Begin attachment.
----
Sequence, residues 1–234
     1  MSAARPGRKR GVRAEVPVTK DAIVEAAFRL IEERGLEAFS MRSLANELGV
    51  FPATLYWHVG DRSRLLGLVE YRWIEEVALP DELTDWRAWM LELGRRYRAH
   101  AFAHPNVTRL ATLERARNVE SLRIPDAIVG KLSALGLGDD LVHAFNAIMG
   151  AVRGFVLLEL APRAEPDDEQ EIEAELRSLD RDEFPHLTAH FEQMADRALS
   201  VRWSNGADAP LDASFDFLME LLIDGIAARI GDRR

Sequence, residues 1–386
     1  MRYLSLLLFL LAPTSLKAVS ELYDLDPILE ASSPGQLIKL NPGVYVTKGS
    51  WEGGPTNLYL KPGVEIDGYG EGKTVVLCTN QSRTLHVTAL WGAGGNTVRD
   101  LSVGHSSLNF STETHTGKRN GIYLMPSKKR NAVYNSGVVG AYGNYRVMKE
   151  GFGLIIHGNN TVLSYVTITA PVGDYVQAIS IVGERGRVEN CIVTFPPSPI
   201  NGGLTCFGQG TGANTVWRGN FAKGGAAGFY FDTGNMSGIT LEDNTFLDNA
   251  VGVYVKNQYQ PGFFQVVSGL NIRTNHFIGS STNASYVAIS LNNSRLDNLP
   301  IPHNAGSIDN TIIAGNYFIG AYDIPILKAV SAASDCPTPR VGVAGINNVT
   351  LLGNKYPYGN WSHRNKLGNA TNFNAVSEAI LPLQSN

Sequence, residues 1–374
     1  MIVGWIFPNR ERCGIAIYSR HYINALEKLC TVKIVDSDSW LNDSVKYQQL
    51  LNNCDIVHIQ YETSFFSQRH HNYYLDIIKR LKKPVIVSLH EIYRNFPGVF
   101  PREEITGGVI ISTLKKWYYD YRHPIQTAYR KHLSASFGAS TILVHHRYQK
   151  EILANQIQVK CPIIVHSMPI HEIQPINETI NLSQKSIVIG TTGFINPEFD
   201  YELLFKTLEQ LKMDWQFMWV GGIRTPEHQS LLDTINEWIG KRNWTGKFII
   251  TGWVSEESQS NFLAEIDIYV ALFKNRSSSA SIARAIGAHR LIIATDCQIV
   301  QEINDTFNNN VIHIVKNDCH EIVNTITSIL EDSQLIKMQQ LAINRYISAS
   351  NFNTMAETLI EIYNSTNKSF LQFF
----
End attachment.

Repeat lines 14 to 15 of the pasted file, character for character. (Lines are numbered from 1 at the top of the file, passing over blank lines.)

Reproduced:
   301  IPHNAGSIDN TIIAGNYFIG AYDIPILKAV SAASDCPTPR VGVAGINNVT
   351  LLGNKYPYGN WSHRNKLGNA TNFNAVSEAI LPLQSN